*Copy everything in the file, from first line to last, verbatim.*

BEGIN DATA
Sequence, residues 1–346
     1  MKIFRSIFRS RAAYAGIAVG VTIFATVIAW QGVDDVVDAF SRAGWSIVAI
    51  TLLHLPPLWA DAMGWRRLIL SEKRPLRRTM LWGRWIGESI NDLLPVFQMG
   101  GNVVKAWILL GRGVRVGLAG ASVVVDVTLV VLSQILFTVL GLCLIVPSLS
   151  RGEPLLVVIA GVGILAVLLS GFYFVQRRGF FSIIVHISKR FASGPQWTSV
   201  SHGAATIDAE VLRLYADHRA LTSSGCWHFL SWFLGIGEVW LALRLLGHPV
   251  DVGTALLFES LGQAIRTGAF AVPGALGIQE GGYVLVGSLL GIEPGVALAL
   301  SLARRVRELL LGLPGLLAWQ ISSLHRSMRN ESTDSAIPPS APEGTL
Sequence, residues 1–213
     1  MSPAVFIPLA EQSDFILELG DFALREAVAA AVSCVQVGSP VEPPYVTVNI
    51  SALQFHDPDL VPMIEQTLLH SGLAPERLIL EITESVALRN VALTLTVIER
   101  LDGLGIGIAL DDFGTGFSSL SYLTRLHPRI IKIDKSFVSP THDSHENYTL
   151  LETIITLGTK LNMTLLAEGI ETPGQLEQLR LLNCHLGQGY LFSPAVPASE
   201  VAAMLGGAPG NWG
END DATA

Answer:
Sequence, residues 1–346
     1  MKIFRSIFRS RAAYAGIAVG VTIFATVIAW QGVDDVVDAF SRAGWSIVAI
    51  TLLHLPPLWA DAMGWRRLIL SEKRPLRRTM LWGRWIGESI NDLLPVFQMG
   101  GNVVKAWILL GRGVRVGLAG ASVVVDVTLV VLSQILFTVL GLCLIVPSLS
   151  RGEPLLVVIA GVGILAVLLS GFYFVQRRGF FSIIVHISKR FASGPQWTSV
   201  SHGAATIDAE VLRLYADHRA LTSSGCWHFL SWFLGIGEVW LALRLLGHPV
   251  DVGTALLFES LGQAIRTGAF AVPGALGIQE GGYVLVGSLL GIEPGVALAL
   301  SLARRVRELL LGLPGLLAWQ ISSLHRSMRN ESTDSAIPPS APEGTL
Sequence, residues 1–213
     1  MSPAVFIPLA EQSDFILELG DFALREAVAA AVSCVQVGSP VEPPYVTVNI
    51  SALQFHDPDL VPMIEQTLLH SGLAPERLIL EITESVALRN VALTLTVIER
   101  LDGLGIGIAL DDFGTGFSSL SYLTRLHPRI IKIDKSFVSP THDSHENYTL
   151  LETIITLGTK LNMTLLAEGI ETPGQLEQLR LLNCHLGQGY LFSPAVPASE
   201  VAAMLGGAPG NWG